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HAGELIN: Say ‘no’ to pot and ‘yes’ to extracurriculars
Question of the Day
Culture challenge of the week: Marijuana, the “harmless” drug
Weed won on Election Day.
Two states, Colorado and Washington, passed voter referendums that legalized marijuana use, effectively sending teens the wrong message about drug use.
The Colorado measure allows adults to possess and businesses to sell marijuana to anyone 21 and older. Similarly, Washington state legalized marijuana possession for adults, 21 and older. (Both states are on a collision course with federal law, as the Supreme Court has affirmed Congress’ right to outlaw marijuana use.)
Although two more states — Oregon and Massachusetts — rejected efforts to liberalize marijuana laws, the pro-marijuana forces dominated media coverage.
While a recent Washington Post/ABC News poll shows that young Americans age 18 to 29 do support efforts to legalize marijuana (55 percent support versus 45 percent oppose), Americans in general still think it’s a bad idea (50 percent oppose versus 48 percent support). Women are more likely than men to oppose legalization, and a strikingly high number of Hispanics (65 percent) stand firmly against marijuana legalization — not surprising, given the drug wars that plague Central and South American countries.
Even so, the victories for pot in Washington and Colorado embolden advocates of “recreational” drugs. And while they couch their arguments as adult “freedom” to use marijuana, that message recklessly rolls downhill. Teens uncritically accept the lie that marijuana is harmless — and naively pursue the “adult” pleasure of getting high.
Should you be worried? Absolutely.
According to a recent Yale School of Medicine study, 40 percent of teens report having used marijuana at least once, and one-quarter report using it within the past 30 days.
“My kid would never do such a thing! ” That’s the typical reaction of most parents — but 40 percent of parents are wrong.
Marijuana users span all races and backgrounds. While boys are slightly more likely to use marijuana in the first place, girls more quickly become regular users. White girls are more likely to be marijuana users than black and Asian girls, but black and Hispanic boys are more likely to use marijuana than boys of other races.
What’s driving the increased marijuana use? The cultural messages that dominate sports and entertainment — and the poor example of our public “superstars.” When two out of three of our most recent presidents have admitted that they smoked marijuana, why should our teens believe smoking pot will hinder their long-term success?
It’s not just presidents, either. Role models, from Olympian Michael Phelps to country star Toby Keith, have used marijuana openly.
In the process, our teens internalize a dangerous message: Marijuana will not hurt them. According to a recent study from the University of Michigan, fewer than half of all 12th-graders believe that regularly using marijuana carries a “great risk,” down significantly from 1991, when nearly 80 percent perceived great risk from marijuana use. As perception of harm declines, marijuana use increases, the Michigan study reports.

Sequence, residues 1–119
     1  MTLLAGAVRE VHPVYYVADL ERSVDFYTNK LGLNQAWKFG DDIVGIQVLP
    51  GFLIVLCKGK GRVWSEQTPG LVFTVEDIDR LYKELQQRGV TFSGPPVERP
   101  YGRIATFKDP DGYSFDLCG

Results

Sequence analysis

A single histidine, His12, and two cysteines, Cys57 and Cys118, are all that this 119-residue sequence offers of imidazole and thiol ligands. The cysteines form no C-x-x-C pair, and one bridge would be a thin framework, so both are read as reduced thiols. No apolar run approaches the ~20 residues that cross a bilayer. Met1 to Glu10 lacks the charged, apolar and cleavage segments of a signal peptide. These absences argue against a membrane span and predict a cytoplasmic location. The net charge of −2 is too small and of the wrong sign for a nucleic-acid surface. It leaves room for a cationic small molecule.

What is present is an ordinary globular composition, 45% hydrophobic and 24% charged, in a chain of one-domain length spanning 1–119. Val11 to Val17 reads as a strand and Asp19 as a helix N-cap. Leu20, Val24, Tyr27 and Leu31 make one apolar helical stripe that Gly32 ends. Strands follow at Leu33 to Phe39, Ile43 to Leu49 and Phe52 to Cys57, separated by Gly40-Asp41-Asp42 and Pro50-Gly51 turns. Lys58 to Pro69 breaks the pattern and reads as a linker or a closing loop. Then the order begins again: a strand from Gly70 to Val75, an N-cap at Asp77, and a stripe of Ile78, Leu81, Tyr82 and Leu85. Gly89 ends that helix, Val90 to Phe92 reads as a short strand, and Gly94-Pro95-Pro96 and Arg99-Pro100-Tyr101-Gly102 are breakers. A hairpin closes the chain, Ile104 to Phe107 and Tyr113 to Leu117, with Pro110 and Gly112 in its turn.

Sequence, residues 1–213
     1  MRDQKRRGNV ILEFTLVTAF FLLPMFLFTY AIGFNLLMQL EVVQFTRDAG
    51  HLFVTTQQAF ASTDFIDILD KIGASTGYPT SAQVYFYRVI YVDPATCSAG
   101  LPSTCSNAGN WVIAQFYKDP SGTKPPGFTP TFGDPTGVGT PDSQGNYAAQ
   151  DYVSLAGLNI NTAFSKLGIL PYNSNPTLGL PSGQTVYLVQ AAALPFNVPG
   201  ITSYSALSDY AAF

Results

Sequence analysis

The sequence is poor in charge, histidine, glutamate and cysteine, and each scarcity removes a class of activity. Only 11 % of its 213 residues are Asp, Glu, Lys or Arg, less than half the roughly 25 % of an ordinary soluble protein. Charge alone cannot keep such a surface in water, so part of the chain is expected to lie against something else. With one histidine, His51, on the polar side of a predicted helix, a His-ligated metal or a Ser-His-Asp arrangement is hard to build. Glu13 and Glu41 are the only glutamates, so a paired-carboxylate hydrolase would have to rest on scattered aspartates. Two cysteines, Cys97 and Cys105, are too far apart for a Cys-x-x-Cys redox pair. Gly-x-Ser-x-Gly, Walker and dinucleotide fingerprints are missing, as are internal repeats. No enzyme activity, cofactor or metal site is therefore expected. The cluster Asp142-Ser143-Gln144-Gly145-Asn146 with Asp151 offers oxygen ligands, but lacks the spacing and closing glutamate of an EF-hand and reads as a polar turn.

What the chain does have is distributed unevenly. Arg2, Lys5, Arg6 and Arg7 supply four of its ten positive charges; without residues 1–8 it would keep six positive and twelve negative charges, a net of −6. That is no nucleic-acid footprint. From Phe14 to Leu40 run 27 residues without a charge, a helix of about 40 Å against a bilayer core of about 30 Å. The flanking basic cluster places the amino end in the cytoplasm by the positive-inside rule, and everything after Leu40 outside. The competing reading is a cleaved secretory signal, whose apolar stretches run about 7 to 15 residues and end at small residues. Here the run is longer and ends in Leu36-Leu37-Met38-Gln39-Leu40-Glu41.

How to save your family: Say “no” to pot and “yes” to extracurriculars
So what can you do?
First, level with your kids. Marijuana use is not harmless. “Mere” possession can bring criminal charges, with convictions resulting in community service, fines or jail.
Adolescents, in particular, risk serious emotional, physical and cognitive injuries from marijuana use. According to the American Society of Addiction Medicine, marijuana use increases anxiety, apathy and depression. For girls, daily marijuana use results in five times more anxiety and depression (ironic, given that teens often turn to drugs to relax and be happy). Marijuana use often permanently lowers the heavy user’s IQ, decreases attention span and memory, and typically results in poor grades, according to research published online by the Proceedings of the National Academy of Sciences.
Athletes should know that smoking weed deposits four times more tar into their lungs than cigarettes do, decreasing endurance. For adolescent males, smoking marijuana doubles the risk of testicular cancer — probably not the best thing to have in common with Lance Armstrong.
So much for no long-term consequences.
Second, take action.
Involve your teens in extracurricular activities. Extracurricular participation reduces the likelihood of marijuana use by nearly 50 percent for girls and 25 percent for boys, according to the Yale study.
Educate your teens about the dangers of marijuana use. Teens who learn at home that marijuana use is harmful are far less likely to smoke pot than teens whose parents stay mum. Consistently bombarded with false claims (“It’s not going to harm you” or “It’s a good way to chill out”) from their peers, the Internet or celebrities, teens need to hear a consistent voice of reason from their parents. And teens who know their parents strongly disapprove of marijuana are much less likely to use marijuana than peers who feel their parents are indifferent or mildly disapproving. Better that teens feel annoyed at “overprotective” parents than to mistake silence for indifference.
This is a battle we must win.
• Rebecca Hagelin can be reached at email@example.com.
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